Bound by Consumerism

New Wine, New Wineskins, a ministry through Multnomah Biblical Seminary, which Metzger founded and directs, is holding a conference this April entitled “Bound: A Conference on the Global Slave Trade” (visit for more information). This conference is relevant to the many issues explored in Consuming Jesus. Consumerism, along with race and class divisions, not only permeates and infects the church; these issues also greatly propel and foster the booming international slave trade. The “bound” are our brothers and sisters down the street and overseas, who reap the disheartening and flat-out evil effects of those wanting things quickly, cheaply, and for great profit. These “things” include anything from vegetables to shoes to diamonds to sex. The global slave trade is so intricately bound up with consumerism and race and class divisions, since those who have the most and consume the most are often considered the most valuable from consumerism’s standpoint. Those from the developing world and from underdeveloped places in our region who have less and consume less are often considered less valuable. Thus, their plight does not affect as much those of us who have more–especially when they look different from us. However, as Christ followers, we are called to bear witness to the all-consuming, compassionate Christ whose love knows no bounds and who cares for the poor, the orphan, and the widow in their distress. If we would follow Jesus, we must follow him wherever he goes–caring for the least of these–wherever they might be–around the world.


But the slave trade is not just out there somewhere–across town or across the globe. The slave trade encompasses every facet of our lives. As consumers, we drive the economy. If a sweatshop over in Bangladesh is making valuable profit off the backs of forced labor, then what will motivate this business to change and implement humane practices? In a profit-driven world, the profit-driven mentality maintains: “if it’s not broke, don’t fix it–and it’s not broke.” But if the backs of those forced into slave labor are broken, how can the economy not be broken?

I receive a lot of criticism when I discuss my conviction not to buy clothes made in third-world countries. I realize that not supporting the economy in an already impoverished country may sound like an unstable solution. The main question that people pose to me is, “These are poor countries. What will happen to those economies if we just quit buying from over there?”

My response is this: Within the power and control that I have, I don’t want to perpetuate an oppressive market. If I support a broken system, what will drive it to change? I don’t want to exacerbate the dire situation in poverty-stricken countries. If there are enough consumers refusing to support sweat shops and communicating clearly (using buying power, joining advocacy groups and companies i.e., what is and is not acceptable, then businesses will be forced to re-adjust (think: Nike & The Gap were driven to improve their work ethic overseas). When forced labor is the only option for the poor, then this is where they will remain. But imagine if better job conditions were available to the common people; it would allow individuals freedom in other areas of their lives: if they are thriving in better working environments, they won’t be as susceptible to sex trafficking, and they won’t be as vulnerable to the deception of other traffickers promising a better life. Eventually this better living situation will significantly reduce poverty and slavery.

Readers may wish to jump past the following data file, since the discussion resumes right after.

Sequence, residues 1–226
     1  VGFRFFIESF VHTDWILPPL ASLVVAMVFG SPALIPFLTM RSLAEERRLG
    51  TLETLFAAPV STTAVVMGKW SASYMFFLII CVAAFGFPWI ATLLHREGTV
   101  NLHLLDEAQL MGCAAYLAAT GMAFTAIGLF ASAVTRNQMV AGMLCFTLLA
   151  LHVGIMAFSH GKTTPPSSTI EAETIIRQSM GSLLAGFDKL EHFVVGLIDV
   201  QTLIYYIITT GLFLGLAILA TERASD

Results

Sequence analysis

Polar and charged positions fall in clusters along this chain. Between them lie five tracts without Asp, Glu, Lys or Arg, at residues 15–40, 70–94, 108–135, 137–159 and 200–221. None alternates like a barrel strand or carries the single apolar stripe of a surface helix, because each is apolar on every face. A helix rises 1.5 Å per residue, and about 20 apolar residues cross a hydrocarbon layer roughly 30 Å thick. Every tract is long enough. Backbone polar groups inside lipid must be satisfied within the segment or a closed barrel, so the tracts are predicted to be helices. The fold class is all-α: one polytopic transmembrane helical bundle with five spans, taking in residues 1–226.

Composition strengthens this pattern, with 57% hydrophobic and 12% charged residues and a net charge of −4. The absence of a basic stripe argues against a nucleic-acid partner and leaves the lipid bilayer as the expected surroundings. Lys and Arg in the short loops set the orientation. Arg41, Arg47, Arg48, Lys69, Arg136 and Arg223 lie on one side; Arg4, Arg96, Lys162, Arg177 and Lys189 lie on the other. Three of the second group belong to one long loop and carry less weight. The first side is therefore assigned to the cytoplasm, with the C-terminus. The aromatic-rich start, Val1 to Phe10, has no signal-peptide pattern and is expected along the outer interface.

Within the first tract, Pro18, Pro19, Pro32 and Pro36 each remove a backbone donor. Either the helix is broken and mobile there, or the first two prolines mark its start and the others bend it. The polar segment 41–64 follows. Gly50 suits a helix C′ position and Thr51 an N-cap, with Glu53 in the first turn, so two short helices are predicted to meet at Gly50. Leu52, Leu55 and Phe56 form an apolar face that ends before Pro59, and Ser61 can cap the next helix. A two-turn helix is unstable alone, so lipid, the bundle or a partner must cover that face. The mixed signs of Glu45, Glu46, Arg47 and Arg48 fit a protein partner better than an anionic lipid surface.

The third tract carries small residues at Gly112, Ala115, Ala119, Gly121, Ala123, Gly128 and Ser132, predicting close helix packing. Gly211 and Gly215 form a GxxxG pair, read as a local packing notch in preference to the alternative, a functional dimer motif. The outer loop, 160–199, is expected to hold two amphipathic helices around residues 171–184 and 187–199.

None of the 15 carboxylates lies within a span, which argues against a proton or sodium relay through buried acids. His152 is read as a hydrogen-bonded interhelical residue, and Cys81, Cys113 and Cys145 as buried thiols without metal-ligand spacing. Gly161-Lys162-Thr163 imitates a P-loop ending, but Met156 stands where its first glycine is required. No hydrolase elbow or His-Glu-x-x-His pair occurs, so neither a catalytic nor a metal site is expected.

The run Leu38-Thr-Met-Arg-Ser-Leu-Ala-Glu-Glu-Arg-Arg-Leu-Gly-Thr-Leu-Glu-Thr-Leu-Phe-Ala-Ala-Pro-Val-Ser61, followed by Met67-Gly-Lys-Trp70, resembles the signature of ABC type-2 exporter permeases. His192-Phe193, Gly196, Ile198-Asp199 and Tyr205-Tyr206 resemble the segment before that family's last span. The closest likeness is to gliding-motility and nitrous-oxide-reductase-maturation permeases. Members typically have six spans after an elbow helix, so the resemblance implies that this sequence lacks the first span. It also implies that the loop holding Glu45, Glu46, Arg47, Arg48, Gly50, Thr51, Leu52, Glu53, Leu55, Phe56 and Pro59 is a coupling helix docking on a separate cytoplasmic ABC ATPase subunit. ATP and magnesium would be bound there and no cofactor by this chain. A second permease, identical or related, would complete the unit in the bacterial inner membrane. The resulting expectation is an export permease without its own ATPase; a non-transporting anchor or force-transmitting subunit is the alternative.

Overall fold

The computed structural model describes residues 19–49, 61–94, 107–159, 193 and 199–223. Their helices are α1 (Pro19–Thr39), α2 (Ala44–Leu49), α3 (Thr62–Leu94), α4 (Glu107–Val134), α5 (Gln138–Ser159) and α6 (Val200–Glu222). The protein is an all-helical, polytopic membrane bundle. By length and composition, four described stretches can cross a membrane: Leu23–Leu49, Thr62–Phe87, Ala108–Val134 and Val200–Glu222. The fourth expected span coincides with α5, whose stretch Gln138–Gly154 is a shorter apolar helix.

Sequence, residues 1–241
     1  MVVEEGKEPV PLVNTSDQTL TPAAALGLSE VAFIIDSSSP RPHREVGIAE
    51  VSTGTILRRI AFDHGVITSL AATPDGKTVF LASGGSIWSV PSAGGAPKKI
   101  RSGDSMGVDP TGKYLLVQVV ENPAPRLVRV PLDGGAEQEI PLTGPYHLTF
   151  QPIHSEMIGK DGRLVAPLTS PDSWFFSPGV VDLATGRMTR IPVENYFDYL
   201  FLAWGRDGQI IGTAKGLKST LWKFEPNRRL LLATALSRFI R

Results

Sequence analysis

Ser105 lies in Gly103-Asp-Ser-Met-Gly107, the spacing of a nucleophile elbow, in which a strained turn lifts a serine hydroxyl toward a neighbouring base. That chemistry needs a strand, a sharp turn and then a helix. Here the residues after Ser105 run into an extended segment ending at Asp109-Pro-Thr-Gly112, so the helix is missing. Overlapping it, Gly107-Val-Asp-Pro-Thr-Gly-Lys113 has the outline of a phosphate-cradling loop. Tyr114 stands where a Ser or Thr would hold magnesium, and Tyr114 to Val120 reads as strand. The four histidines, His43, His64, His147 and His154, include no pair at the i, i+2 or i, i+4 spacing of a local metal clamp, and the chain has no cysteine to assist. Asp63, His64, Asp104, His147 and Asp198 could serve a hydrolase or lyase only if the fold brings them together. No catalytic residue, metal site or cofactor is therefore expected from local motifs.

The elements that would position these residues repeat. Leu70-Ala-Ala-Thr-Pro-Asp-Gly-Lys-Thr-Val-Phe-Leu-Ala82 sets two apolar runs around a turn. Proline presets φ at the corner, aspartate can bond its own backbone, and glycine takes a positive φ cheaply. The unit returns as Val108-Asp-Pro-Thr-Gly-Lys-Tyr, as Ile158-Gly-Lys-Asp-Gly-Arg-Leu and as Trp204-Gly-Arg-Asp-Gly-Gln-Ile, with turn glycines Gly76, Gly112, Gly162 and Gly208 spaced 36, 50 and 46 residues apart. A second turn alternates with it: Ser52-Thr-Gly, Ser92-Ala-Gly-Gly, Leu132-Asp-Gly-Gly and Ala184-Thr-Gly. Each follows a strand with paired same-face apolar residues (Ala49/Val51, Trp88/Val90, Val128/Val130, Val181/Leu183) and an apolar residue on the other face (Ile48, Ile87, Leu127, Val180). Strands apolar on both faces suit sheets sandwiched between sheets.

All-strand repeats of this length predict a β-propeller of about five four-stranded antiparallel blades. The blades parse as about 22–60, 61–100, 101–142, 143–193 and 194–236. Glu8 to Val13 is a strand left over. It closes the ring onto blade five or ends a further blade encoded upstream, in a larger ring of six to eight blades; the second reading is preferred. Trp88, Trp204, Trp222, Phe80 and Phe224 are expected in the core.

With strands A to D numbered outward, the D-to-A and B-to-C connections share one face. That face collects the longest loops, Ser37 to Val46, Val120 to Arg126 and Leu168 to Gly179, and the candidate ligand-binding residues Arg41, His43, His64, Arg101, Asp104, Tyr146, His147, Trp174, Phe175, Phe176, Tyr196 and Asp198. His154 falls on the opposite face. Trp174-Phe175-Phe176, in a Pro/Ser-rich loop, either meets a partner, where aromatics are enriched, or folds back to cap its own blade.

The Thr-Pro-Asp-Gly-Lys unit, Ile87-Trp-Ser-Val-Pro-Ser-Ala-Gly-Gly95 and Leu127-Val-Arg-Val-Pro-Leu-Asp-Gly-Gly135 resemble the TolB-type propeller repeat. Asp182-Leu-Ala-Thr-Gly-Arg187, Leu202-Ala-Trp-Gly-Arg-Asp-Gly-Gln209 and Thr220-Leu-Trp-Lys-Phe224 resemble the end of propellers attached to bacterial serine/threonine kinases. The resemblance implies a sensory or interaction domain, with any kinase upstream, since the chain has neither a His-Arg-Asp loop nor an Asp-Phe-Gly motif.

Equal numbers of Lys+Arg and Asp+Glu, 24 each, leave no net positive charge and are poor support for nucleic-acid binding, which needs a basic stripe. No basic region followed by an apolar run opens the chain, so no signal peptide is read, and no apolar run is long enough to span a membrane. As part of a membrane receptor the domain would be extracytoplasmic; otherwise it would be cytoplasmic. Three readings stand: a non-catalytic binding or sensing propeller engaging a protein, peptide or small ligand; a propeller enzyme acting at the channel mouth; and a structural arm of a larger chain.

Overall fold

With every purchase we make we are casting a vote. As Dr. Metzger says in Consuming Jesus, the cancerous consumer culture encourages us to get what we want when we want it at the least cost to ourselves. In view of his challenge to the consumer culture, we need to ask ourselves: What about the cost to others?


If we are not part of the solution, we are part of the problem. An unwillingness to confront an evil structural problem coupled with a defeatist attitude leads us to do just what the enemy would have us do–nothing. And such failure to act assists those in power in the slave trade in keeping slaves just where they want them–earning barely enough to survive, making just enough to keep coming back.


As consumers in the US, we have the freedom to make choices. This necessitates humble, sober responsibility and intentionality. We must do what we can with what we have. We are part of a larger whole that has the incredible power to shape and change our economy and structures. That is a blessing, which, if not treated wisely, can also be a curse. Let us make it a blessing for Christ’s kingdom work here on earth. Please pray. Please act responsibly. Please join us for “Bound”–New Wineskins’ conference on the global slave trade on April 12.


I realize that refusing to support the forced labor economy in third world countries will not in and of itself solve the massive problem at hand. This problem is so deeply rooted in our fallen humanity that there is no quick fix. I do wonder though, as Christ followers and as the church, what other things can we do. Honestly, if Jesus were on this earth today, with all the social and structural evil permeating even the smallest decisions, how would he live? What would his purchasing decisions look like? What sort of businesses would he support? Which temples/markets would he storm, and what tables would he overturn? And beyond that, what sort of neighborhood would he live in? What would his church look like? All these questions get at our worldviews, and more importantly, our hearts’ desires. So, it’s not simply “What would Jesus do?” It’s also “What would Jesus value?”